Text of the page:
Jamie Roberts has underlined the deep sense of collective pain felt by Wales' World Cup squad after Leigh Halfpenny and Rhys Webb suffered tournament-ending injuries.
Wales centre Roberts says that full-back Halfpenny faces six months out of the game following the knee injury sustained during last Saturday's final World Cup warm-up Test against Italy.
Scrum-half Webb, meanwhile, was hurt earlier in the same match, suffering a serious foot injury that also looks set to sideline him until next year.
Wales are barely a week away from their World Cup opener against Uruguay at the Millennium Stadium, and they must now move on, putting to one side the loss of two hugely-influential performers.
"It is hard to see your best mates injured badly," 70 times-capped Roberts said.
"Watching that game last Saturday was horrible. To fall at the final hurdle is the cruellest thing imaginable. It is difficult, but we are a close-knit bunch and the core of the squad has been together for a while.
"Warren (Wales head coach Warren Gatland) has bred strength in depth to generate competition for places and drive everyone to become better players and better people, and he knows there is quality to come in.
"I was chatting to Leigh, who is out for six months, saying how he has to put a positive spin on his injury, as bad and brutal as it is.
"He will have six months out and come back desperately hungry to play rugby again. Putting a positive spin on it, long term it will do him the world of good having time out of the game.
"It is always a difficult conversation to have with a player, but he is old and mature enough to know it is part of the game. He has been walking around with a smile on his face and he just wants the best for the lads."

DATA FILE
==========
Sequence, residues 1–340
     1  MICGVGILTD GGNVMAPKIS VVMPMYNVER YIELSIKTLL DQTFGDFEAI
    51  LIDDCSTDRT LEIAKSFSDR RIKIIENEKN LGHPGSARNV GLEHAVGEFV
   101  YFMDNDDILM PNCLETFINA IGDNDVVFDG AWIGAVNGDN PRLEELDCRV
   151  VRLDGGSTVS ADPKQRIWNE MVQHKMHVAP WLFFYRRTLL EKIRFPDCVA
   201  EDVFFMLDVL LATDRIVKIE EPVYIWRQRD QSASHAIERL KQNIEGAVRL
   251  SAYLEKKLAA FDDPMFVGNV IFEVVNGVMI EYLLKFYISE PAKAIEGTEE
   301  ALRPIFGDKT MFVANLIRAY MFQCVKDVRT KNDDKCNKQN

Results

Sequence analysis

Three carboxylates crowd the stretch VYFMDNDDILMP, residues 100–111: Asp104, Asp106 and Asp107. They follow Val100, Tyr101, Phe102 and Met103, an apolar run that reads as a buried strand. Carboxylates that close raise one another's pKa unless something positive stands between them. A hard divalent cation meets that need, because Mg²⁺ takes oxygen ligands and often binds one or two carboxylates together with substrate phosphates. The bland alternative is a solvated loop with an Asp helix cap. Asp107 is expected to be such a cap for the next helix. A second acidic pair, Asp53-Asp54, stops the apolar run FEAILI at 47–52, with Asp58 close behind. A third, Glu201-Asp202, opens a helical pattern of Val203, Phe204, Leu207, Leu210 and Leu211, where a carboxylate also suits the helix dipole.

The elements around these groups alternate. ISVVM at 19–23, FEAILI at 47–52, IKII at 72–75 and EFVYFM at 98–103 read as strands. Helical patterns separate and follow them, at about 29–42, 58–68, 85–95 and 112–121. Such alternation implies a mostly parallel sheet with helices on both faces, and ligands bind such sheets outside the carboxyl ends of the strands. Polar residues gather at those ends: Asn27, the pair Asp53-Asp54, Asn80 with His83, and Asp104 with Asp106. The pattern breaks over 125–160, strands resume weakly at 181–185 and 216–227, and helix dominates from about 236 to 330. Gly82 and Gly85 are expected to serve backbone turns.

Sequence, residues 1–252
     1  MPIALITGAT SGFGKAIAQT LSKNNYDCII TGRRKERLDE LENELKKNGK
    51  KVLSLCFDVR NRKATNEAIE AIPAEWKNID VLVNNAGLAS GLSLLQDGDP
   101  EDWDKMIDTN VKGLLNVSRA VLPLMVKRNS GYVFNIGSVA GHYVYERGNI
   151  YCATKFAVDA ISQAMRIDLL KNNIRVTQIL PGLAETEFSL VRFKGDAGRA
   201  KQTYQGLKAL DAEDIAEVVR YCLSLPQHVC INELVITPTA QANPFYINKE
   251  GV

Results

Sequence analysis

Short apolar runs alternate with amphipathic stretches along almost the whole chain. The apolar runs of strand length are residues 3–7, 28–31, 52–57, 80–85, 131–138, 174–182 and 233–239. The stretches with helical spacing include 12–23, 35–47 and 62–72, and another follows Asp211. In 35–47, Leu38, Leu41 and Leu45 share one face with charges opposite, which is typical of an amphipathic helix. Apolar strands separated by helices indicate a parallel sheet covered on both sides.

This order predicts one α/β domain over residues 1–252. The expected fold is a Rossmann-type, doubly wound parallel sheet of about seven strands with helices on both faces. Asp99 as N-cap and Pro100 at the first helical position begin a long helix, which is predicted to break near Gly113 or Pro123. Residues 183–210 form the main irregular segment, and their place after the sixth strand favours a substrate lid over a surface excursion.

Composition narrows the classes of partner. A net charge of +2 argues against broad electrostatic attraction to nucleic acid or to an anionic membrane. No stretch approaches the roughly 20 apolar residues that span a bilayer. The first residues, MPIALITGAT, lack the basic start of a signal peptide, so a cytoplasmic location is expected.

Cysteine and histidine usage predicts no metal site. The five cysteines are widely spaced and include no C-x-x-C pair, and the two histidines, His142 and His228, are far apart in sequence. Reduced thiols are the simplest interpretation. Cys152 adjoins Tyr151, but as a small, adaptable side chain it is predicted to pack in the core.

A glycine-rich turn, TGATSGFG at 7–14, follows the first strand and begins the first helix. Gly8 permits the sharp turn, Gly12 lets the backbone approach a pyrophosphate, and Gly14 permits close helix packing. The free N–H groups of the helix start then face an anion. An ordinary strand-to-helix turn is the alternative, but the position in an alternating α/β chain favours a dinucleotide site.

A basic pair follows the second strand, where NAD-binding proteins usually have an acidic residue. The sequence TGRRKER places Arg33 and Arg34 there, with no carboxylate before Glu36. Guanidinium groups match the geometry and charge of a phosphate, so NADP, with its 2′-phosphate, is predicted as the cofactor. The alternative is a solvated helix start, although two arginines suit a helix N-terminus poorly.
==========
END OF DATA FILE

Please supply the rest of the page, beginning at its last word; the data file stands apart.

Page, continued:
Roberts' powerful midfield presence will be essential to Welsh hopes of emerging from a punishing World Cup pool that also contains host nation England, twice world champions Australia and ever-dangerous Fiji.
And the two-time British and Irish Lions tourist is relishing the prospect of once again testing himself on rugby union's biggest stage.
"I am in the right frame of mind, and physically, I feel really good," he added.
"We have had a tough 10 weeks to prepare for this, and I use the analogy of an exam.
"If you work hard for an exam, you are in a much better place. If you have not done enough, you are worried.
"I have done the preparation physically and mentally, and I can completely focus on the rugby. I am happy and relaxed. I have done my homework, and I am ready to go.
"The World Cup is different to other tournaments because it is every four years and you have a huge preparation period, something that is synonymous with a revision period.
"It is a nice comparison, and I feel comfortable having done all the hard work. Yes, it was hell at the time, but I feel happy going into a World Cup at my peak physically, and relaxed mentally."
Wales were semi-finalists in New Zealand four years ago - their best World Cup performance since 1987 - but England and Australia loom large this time around as huge barriers to knockout phase progression.
"We know that if we get it right four times for 80 minutes, we will get through to the quarter-finals," Roberts said.
"The physical stuff is done now, and it is about getting minds right, getting the game plan right and ironing out the errors of last weekend, taking confidence into the first game against Uruguay and making sure that mentally every minute counts in the four pool games and all 31 lads are switched on all the time."